The GBI’s State Crime Lab expects to receive an additional 864 rape kits within a week that have been stored, for years in some cases, in police evidence lockers and never analyzed for DNA matches.
Sixty-one percent of them will come from the Atlanta Police Department, according to GBI records.
A new state law gave law enforcement agencies until Aug. 15 to inform the Crime Lab how many kits containing DNA evidence were in storage and had never been analyzed. The deadline to deliver those kits to the Crime Lab is next Wednesday.
“We didn’t have any idea how many rape kits were out there,” said Vernon Keenan, director of the Georgia Bureau of Investigation. “These are rape kits that were in the evidence rooms and we don’t know anything beyond that.”
The hundreds of additional kits will add to a massive pile already stacked up at the Crime Lab. The lab’s 40 scientists are dealing with 3,159 active cases, including 211 rape kits that had been stored until earlier this year at Children’s Healthcare of Atlanta; local police never retrieved that evidence.
By the middle of next week, the load should be increased by another 864 evidence kits retrieved from police evidence lockers around the state.
For years the GBI had told local police not to send DNA evidence for analysis for cases that were not likely to be prosecuted. But then a year ago, the agency changed that policy and also started telling local authorities a change in the law was likely.
As a result, the GBI got 2,400 kits that, until then, had not been processed by the state’s scientists.
In all, the number of kits requiring analysis comes to 6,420, with another 100 or 200 new cases coming in every month.
Lab director George Herrin the backlog won’t all be processed this year and “it probably won’t be done in 2017. It’s going to take years.”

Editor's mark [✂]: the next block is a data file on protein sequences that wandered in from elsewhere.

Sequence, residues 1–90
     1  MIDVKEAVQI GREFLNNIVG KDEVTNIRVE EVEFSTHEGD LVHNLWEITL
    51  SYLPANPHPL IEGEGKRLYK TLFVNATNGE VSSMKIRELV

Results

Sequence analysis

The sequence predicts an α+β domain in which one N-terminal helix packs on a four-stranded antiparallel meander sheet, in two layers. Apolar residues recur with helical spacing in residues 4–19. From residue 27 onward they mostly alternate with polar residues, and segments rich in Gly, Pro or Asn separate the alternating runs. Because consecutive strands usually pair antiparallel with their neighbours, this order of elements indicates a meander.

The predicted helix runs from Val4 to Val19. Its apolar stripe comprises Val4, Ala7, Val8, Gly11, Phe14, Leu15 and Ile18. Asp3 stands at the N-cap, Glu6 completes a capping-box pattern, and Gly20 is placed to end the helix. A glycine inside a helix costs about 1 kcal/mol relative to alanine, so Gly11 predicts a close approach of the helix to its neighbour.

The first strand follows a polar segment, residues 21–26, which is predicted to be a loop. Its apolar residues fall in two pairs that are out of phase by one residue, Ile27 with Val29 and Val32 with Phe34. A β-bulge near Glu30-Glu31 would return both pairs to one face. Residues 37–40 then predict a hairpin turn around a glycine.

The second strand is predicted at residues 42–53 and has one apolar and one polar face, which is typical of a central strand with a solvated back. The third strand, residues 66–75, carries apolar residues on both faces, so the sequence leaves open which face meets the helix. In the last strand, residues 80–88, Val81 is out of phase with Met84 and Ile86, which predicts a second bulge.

And there could be more that what they know is coming.
“There’s no way to know what people haven’t told us,” Herrin said.
The lab can process 500 to 600 rape kits a month, but the time each analysis takes can vary depending on the complexity of the sample, Herrin. said. A private lab has a contract to 50 kits a month.
The Atlanta Journal-Constitution first raised the issue of rape kits sitting unexamined in police evidence lockers or at hospitals in 2015, when the AJC disclosed that 1,500 untested rape kits were stored at Grady Memorial Hospital. (Grady is home to the sole rape crisis center for Fulton County.) Yet police were not notified and the kits were never tested for DNA, even though victims suffered through a traumatic physical exam and asked that the evidence be shared with law enforcement.
The discovery at Grady prompted the Legislature to change the law this year to ensure such evidence is processed as it should be. Passed in the final minutes of the 2016 legislative session, the 2016 rape-kit statute requires law enforcement to pick up kits used to collect DNA within 96 hours and to send the evidence to the state’s forensic lab within 30 days.
The AJC reported this summer that more than 200 kits had been sitting at Children Healthcare of Atlanta, some for many years, because police agencies had never come to collect the kits.
According to the GBI, 52 police departments and sheriff’s offices answered the call this month to report the number of sexual assault kits they were holding. Atlanta police accounted for by far the largest number — 531 — but the department has not responded to multiple requests for comment from the AJC.
“I knew we had the problem of kits sitting on the shelf but no action was taken,” said state Rep. Scott Holcomb, D-Atlanta, who pushed for the law.
Cobb County Police Department has 49 kits, many samples the agency had not previously submitted because those cases were not pursued.
Gwinnett County Police Department will send 45 rape kits that were collected before this year, most “closed/suspended due to a lack of investigative leads in the case,” Gwinnett PD said in an email.
“It’s essential to the victims,” Ann Burdges of the Gwinnett County Sexual Assault & Children’s Advocacy Center said of the old cases being submitted for testing. “It fosters trust and confidence in the system.
Almost inevitably, the DNA in some of the kits will match with evidence already in the national database, the Combined DNA Index System or CODIS. That has already been the case in a handful of analyses, and advocates are expecting more “hits” in CODIS as more DNA samples go into the database.
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